I have a few more delights to show you from my February trip to Zambia.
The Carmine Bee-eaters, for which the Luangwa Valley is famous, had not yet arrived for the season, but there are 27 different species of bee-eater, 20 of which live in Africa, and several others were there already. They more than made up for it.
This is a Little Bee-eater, Merops pusillus:
It is the smallest African bee-eater, under 20g in weight. This was perched only about a meter off the ground, their preferred hunting perch. It is definitely not threatened: their population is estimated at up to 80 million! When they catch a bee, they bash it on the ground to remove the sting before eating it.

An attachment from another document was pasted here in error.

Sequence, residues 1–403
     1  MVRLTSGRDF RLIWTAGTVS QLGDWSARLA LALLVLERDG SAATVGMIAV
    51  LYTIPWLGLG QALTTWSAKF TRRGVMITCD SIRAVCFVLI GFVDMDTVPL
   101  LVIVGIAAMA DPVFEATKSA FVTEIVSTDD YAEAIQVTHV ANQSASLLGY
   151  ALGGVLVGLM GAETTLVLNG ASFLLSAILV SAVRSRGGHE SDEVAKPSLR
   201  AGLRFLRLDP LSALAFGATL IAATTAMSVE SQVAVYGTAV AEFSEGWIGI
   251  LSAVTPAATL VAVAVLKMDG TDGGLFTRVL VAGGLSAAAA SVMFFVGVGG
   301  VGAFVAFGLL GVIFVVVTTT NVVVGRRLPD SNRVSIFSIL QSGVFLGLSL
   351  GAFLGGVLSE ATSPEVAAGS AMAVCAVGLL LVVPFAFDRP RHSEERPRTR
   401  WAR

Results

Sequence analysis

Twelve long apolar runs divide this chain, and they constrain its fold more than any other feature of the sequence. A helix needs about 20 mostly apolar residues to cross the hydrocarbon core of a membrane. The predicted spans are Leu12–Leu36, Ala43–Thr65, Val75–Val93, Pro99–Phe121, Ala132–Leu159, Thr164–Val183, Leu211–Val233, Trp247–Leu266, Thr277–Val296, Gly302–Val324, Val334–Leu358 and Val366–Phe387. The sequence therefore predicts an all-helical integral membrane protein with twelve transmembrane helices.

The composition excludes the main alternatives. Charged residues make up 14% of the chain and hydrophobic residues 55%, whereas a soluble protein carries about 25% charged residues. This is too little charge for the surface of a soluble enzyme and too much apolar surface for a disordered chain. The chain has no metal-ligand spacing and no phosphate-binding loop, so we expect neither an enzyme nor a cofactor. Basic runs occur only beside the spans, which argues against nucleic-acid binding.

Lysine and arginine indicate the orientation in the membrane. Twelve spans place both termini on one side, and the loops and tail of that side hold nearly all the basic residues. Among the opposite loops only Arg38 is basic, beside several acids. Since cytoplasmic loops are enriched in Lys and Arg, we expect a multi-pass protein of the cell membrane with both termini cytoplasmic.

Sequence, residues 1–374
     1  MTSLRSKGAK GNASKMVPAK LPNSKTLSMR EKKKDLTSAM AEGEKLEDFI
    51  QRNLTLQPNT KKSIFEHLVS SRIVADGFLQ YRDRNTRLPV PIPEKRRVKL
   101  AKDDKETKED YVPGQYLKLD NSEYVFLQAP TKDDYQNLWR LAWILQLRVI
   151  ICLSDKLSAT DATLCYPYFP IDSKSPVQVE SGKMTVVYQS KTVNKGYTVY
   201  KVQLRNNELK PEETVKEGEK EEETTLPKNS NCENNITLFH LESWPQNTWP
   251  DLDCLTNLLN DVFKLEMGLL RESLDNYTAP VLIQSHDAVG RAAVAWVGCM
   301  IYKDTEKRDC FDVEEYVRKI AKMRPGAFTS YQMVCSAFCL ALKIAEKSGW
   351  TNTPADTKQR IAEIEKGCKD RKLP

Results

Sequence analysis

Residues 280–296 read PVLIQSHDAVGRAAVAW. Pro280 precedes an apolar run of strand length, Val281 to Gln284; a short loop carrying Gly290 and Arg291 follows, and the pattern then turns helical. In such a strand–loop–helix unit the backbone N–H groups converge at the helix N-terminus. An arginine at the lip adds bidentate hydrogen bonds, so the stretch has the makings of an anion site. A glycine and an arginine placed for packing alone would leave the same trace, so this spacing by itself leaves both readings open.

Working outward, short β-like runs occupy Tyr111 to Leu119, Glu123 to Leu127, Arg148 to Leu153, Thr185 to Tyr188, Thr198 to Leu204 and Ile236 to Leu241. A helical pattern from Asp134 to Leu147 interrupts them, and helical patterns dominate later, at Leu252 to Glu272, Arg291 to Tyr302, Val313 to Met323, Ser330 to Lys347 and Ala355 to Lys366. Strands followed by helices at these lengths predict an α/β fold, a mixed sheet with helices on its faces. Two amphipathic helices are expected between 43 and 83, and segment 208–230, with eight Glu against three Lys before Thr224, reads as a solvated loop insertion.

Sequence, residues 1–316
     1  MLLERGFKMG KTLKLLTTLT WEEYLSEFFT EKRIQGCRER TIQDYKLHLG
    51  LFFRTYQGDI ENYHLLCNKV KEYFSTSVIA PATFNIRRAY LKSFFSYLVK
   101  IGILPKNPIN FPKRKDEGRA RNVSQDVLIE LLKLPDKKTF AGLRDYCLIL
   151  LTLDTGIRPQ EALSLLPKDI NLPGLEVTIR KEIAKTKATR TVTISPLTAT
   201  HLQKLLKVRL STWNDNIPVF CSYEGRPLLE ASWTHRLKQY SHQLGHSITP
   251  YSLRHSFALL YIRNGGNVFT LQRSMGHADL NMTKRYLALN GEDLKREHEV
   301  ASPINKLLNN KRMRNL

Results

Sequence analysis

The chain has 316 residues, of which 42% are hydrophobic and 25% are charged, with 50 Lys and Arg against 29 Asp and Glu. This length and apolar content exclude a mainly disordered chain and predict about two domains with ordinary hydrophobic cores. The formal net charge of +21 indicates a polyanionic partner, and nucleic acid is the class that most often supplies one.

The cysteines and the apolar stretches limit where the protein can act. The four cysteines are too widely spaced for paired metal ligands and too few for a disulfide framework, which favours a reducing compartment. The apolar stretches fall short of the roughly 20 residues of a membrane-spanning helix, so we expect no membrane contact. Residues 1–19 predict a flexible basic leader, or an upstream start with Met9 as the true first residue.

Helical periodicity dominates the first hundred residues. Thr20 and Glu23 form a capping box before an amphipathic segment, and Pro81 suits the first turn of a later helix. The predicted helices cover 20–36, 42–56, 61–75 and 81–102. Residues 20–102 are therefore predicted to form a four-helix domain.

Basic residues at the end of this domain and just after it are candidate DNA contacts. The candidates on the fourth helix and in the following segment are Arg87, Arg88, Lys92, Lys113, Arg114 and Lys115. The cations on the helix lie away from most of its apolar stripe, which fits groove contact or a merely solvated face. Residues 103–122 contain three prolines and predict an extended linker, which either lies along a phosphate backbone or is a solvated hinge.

And this is a White-fronted Bee-eater, Merops bullockoides, (actually two of them), high in a tree by the river:
They are larger than the Little Bee-eater, about 35gm, and more social. They nest in riverbank colonies composed of several clans. Each clan has a single breeding pair, and several other adults (mainly last year’s brood) who are ‘helpers’ in incubating and feeding the young. This cooperative breeding behavior is also found in wild dogs and in wolves. Seems like an excellent model for family life, and one that human society now all too rarely follows.